Largest Violator to Date Sentenced to Fifteen Months in Prison
WASHINGTON, April 30 /PRNewswire-USNewswire/—Three more commercial fishermen were sentenced this week in U.S. District Court in Greenbelt, Md., for illegally harvesting and under-reporting their catch of striped bass, also known as rockfish, the Justice Department announced. The sentencings are part of the on-going prosecution of individuals and wholesalers who have participated in a black market to overfish and under-report rockfish catch from the Chesapeake Bay and surrounding waterways, which is the largest spawning ground for striped bass on the East Coast.
John W. Dean of Scotland, Md., was sentenced today to one month in prison followed by five months of home detention. He was also fined $1,000 and ordered to pay $10,000 in restitution. Dean was responsible for overharvesting over $100,267 worth of rockfish.
Thomas Crowder Jr. of Leonardtown, Md., was sentenced on March 28, 2009, to serve 15 months in prison followed by three years supervised release. He was also ordered to pay a $5,000 fine and $96,250 in restitution. Crowder was responsible for overharvesting over $956,200 worth of rockfish.
Charles Quade of Churchtown, Md., was sentenced on March 27, 2009, to five months in prison followed by five months home detention as part of three years of supervised release. He was also ordered to pay a $1,000 fine and $15,000 in restitution. Quade was responsible for overharvesting over $151,500 worth of rockfish.
The restitution from each sentence is being paid to the congressionally-established National Fish and Wildlife Foundation, which has established a Chesapeake Bay Rockfish Restoration Account. The fines paid by the defendants will be paid into the Cooperative Endangered Species Conservation Fund, which is maintained by the U.S. Fish and Wildlife Service.
Dean, Crowder and Quade each pleaded guilty on Feb. 19, 2009, and admitted that from 2003 to 2007 they illegally harvested rockfish with the assistance of a Maryland designated fish check-in station. In each year, they failed to record some of the striped bass that was caught or recorded a lower weight of striped bass than was actually caught. The three commercial fishermen and the check-in station operator would also falsely inflate the actual number of fish harvested. By under-reporting the weight of fish harvested, and over-reporting the number of fish taken, the records would make it appear that the defendants had failed to reach the maximum poundage quota for the year, but had nonetheless run out of tags. As a result, the state would issue additional tags that could be used by the defendants allowing them to catch striped bass above their maximum poundage quota amount.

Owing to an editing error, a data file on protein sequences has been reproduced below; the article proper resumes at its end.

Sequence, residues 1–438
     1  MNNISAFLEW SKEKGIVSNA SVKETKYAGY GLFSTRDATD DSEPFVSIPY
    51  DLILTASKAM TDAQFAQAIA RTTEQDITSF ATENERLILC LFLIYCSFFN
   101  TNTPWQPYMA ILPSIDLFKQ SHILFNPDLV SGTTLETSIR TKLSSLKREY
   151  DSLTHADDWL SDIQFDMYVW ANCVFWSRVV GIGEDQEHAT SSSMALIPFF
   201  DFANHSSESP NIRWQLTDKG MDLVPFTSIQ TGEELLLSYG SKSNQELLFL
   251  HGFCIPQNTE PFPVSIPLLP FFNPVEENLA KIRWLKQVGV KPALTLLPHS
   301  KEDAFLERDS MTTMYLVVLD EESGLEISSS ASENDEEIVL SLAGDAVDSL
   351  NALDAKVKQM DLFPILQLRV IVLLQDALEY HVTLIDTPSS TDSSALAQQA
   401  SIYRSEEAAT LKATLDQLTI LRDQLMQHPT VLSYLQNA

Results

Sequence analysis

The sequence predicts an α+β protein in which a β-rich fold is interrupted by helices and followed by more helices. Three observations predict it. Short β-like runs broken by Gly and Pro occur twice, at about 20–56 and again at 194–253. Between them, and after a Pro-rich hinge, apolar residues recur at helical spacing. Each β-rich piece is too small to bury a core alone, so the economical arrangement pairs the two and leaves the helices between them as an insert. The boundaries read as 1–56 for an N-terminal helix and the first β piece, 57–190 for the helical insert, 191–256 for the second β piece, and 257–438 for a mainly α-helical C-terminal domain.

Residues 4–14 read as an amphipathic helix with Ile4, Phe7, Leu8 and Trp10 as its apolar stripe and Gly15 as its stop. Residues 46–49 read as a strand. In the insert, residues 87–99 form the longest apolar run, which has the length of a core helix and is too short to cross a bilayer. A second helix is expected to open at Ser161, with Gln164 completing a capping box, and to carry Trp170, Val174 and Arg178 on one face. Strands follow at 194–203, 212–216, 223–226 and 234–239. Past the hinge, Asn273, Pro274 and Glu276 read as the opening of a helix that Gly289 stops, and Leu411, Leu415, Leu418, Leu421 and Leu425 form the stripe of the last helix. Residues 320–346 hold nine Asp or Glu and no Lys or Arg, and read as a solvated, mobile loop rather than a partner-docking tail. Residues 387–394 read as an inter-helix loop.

Charges were filed on April 20, 2009, against the fish wholesaler and its owner who operated the check-in station that assisted Dean, Crowder and Quade in violating the law. Golden Eye Seafood LLC and owner, Robert Lumpkins of St. Mary's County, Md., were charged with four felony counts including conspiracy to violate the Lacey Act and three substantive violations of the Act.
Sentencing dates for the remaining commercial fishermen who have pleaded guilty to similar charges are:
-- Keith A. Collins, May 28, 2009, 9:30 AM
-- Kenneth Dent, July 2, 2009, 9:30 AM
-- Jerry Decatur, Sr., July 1, 2009, 9:30 AM
Additionally, Cannon Seafood, a Washington, D.C., fish wholesaler, its owner, Robert Moore Sr. and his son Robert Moore Jr. are scheduled for sentencing on May 8, 2009, at 9:30 AM in U.S. District Court for the District of Columbia. Two fishermen, Joseph Peter Nelson Jr. of Great Mills, Md., and his father Joseph Peter Nelson of Avenue, Md., have been indicted in the District of Maryland and are awaiting trial.
As a result of the investigation and prosecution, two fish wholesalers and a total of 14 individuals have been charged, including today's defendants. Additionally, four defendants have been sentenced to prison as a result of the investigation.
The case is being prosecuted by Assistant U.S. Attorney Stacy Dawson Belf for the District of Maryland and Senior Trial Attorney Wayne Hettenbach of the Justice Department's Environmental Crimes Section.
Source: U.S. Department of Justice